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1.  Family functioning, marital quality and social support in Chinese patients with epilepsy 
The purpose of this study was to examine family functioning, marital quality, social support, and anxiety and depression in Chinese patients with Epilepsy (PWE) in comparison with healthy people.
This case–control study included 42 PWE and 42 healthy controls. Participants completed the Zung’s self-rating depression scale, the Zung’s self-rating anxiety scale, the Chinese version of family cohesion and flexibility evaluation scales, the Chinese version of the marital inventory ENRICH, and the Chinese versions of the social support rating scale and perceived social support scale.
PWE reported higher levels of anxiety and depression, and lower levels of family cohesion, marriage quality and social support compared with controls. Support within and outside the family was negatively associated with depression, however social support did not significantly predict depression in PWE. In patients, support within the family and emotional support predicted family cohesion and marriage quality. Instrumental support was negatively associated with anxiety in patients but positively associated with depression in healthy controls. Support within the family predicted family cohesion and marriage quality in both the control group and patient group, depression predicted family adaptation in both the control group and patient group, while support outside the family predicted marriage quality only in the patient group. Both emotional and instrumental support predicted family adaptation in the control group, and emotional support predicted family cohesion in patients.
PWE in China had higher levels of anxiety and depression, dissatisfaction with family functioning and marital life, and less social support compared with healthy controls. Emotional support within and outside families promoted family cohesion and marriage quality, depression decreased family adaptation, and instrumental support decreased anxiety of PWE. These findings suggest that enhancing family and emotional supports and decreasing depression could promote the family functioning and marital quality of PWE, and instrumental support may play a role in decreasing anxiety.
PMCID: PMC4320606  PMID: 25627321
Family function; Marital quality; Epilepsy; Social support; Depression; Anxiety
2.  Serum-Induced Differentiation of Human Meibomian Gland Epithelial Cells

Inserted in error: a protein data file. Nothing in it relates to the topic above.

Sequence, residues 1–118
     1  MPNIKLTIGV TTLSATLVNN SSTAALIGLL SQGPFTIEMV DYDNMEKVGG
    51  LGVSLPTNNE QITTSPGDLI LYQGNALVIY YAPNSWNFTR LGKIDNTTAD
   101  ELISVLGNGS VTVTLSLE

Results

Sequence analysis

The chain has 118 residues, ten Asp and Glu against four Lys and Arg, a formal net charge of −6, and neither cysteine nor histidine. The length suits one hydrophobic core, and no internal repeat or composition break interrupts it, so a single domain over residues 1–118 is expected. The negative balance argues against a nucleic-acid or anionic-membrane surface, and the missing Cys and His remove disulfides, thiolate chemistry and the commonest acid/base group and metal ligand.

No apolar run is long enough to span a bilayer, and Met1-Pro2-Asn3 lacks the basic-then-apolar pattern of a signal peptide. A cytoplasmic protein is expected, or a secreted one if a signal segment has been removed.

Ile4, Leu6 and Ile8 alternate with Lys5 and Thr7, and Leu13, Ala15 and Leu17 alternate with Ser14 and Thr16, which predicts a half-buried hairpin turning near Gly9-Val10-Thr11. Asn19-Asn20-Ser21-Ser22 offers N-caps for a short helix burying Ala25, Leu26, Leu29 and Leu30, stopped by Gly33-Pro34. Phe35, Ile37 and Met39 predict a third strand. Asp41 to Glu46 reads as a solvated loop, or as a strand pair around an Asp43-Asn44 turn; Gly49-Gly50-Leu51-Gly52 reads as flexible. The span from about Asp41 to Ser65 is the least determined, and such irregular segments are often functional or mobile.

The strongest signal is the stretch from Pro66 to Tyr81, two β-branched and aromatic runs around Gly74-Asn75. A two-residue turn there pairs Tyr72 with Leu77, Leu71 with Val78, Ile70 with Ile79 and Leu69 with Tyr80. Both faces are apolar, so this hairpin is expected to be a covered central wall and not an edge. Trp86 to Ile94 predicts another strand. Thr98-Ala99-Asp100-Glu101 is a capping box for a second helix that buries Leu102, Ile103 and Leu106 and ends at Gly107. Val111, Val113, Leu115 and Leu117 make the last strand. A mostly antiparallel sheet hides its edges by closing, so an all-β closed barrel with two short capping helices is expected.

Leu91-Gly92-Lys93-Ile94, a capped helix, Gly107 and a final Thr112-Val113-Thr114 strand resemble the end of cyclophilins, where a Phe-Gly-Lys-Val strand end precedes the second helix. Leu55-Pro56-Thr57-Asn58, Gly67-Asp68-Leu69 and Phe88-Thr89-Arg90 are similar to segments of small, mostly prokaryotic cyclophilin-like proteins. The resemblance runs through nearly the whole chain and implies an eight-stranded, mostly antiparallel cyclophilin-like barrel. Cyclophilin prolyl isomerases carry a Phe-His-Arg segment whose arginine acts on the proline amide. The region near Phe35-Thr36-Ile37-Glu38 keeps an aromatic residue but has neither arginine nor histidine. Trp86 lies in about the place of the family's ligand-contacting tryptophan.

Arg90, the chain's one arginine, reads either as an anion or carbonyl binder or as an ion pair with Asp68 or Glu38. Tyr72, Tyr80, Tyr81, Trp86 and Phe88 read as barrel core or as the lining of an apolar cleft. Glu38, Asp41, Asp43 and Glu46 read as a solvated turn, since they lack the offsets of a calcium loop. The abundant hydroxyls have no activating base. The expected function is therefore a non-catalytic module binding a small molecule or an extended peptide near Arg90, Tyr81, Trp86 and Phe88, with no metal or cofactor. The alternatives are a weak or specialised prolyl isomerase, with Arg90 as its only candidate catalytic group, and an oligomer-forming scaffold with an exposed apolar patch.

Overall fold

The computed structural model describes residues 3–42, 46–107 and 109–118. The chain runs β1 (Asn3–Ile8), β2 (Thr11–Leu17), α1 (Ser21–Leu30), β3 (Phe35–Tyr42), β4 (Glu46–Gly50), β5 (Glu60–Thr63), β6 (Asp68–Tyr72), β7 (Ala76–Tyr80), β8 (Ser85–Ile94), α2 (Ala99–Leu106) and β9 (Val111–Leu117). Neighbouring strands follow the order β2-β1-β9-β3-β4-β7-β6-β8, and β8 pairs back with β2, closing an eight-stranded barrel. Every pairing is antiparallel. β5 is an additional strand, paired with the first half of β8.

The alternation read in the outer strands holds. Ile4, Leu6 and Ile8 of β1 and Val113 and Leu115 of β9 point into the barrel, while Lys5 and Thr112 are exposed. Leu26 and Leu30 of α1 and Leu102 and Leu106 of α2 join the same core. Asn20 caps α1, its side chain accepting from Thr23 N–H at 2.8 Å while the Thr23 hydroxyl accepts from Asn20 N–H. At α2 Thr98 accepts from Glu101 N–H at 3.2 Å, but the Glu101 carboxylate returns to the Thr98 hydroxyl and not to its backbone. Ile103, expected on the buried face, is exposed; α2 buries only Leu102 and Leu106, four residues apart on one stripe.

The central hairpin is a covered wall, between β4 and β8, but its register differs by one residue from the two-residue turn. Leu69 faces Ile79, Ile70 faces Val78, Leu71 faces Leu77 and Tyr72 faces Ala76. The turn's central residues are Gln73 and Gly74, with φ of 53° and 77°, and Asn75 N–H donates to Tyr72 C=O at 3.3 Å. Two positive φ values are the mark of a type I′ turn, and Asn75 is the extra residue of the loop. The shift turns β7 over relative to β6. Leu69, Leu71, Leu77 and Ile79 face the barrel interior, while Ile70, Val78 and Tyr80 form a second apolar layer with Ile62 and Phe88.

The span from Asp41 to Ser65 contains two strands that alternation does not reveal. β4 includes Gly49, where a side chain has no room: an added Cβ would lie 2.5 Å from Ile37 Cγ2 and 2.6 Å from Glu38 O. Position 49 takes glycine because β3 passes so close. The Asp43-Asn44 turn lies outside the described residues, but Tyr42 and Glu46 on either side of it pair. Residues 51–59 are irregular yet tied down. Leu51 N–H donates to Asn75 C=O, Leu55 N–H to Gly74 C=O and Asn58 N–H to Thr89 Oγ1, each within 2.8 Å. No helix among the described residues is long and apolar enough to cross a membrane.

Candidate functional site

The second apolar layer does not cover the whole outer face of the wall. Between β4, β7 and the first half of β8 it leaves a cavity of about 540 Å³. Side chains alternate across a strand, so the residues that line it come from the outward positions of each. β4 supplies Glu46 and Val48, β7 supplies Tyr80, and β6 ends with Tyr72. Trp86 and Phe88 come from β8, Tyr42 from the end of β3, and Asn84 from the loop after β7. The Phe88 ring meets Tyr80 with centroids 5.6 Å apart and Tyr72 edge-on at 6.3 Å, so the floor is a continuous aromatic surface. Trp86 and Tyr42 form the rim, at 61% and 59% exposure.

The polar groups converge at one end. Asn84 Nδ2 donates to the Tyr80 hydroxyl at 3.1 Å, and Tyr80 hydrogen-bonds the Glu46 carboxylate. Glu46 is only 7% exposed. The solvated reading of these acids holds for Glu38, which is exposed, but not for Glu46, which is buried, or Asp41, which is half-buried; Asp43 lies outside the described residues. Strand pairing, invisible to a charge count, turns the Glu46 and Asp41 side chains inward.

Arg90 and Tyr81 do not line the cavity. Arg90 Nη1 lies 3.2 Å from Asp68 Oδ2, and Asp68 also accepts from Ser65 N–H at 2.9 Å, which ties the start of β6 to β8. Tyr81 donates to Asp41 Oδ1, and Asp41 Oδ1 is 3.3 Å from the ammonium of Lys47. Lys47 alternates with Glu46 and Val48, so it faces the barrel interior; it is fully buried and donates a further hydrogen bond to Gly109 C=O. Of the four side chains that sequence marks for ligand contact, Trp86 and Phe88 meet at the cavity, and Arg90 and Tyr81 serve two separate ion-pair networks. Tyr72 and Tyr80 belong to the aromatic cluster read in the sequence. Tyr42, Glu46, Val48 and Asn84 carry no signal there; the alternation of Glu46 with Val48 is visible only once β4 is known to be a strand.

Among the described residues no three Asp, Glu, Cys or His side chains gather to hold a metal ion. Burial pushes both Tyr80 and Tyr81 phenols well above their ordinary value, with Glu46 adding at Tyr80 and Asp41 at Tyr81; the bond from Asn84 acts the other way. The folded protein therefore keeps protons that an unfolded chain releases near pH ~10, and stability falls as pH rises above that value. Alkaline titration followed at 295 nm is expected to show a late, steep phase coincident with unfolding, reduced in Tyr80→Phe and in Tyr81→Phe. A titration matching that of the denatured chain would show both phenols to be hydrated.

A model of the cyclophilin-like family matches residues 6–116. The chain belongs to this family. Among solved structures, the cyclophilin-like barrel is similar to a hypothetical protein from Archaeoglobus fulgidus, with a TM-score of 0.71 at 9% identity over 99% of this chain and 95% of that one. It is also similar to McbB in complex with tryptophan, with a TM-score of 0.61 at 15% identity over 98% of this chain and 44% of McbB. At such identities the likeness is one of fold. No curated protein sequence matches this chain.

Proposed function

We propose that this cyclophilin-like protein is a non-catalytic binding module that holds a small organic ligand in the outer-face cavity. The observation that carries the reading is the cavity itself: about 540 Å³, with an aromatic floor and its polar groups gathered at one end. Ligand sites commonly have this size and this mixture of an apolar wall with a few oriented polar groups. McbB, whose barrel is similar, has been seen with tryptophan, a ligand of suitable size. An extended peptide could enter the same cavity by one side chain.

We hypothesize that culturing immortalized human meibomian gland epithelial cells in serum-containing medium will induce their differentiation. The purpose of this investigation was to begin to test our hypothesis, and explore the impact of serum on gene expression and lipid accumulation in human meibomian gland epithelial cells.
Immortalized and primary human meibomian gland epithelial cells were cultured in the presence or absence of serum. Cells were evaluated for lysosome and lipid accumulation, polar and neutral lipid profiles, and gene expression.
Our results support our hypothesis that serum stimulates the differentiation of human meibomian gland epithelial cells. This serum-induced effect is associated with a significant increase in the expression of genes linked to cell differentiation, epithelium development, the endoplasmic reticulum, Golgi apparatus, vesicles, and lysosomes, and a significant decrease in gene activity related to the cell cycle, mitochondria, ribosomes, and translation. These cellular responses are accompanied by an accumulation of lipids within lysosomes, as well as alterations in the fatty acid content of polar and nonpolar lipids. Of particular importance, our results show that the molecular and biochemical changes of immortalized human meibomian gland epithelial cells during differentiation are analogous to those of primary cells.
Overall, our findings indicate that immortalized human meibomian gland epithelial cells may serve as an ideal preclinical model to identify factors that control cellular differentiation in the meibomian gland.
Our study demonstrates that serum stimulates human meibomian gland epithelial cells to differentiate. This action is associated with significant alterations in gene expression, lipid accumulation and the fatty acid content of polar and nonpolar lipids.
PMCID: PMC4064688  PMID: 24867579
meibomian gland; epithelial cells; differentiation; gene expression; lipids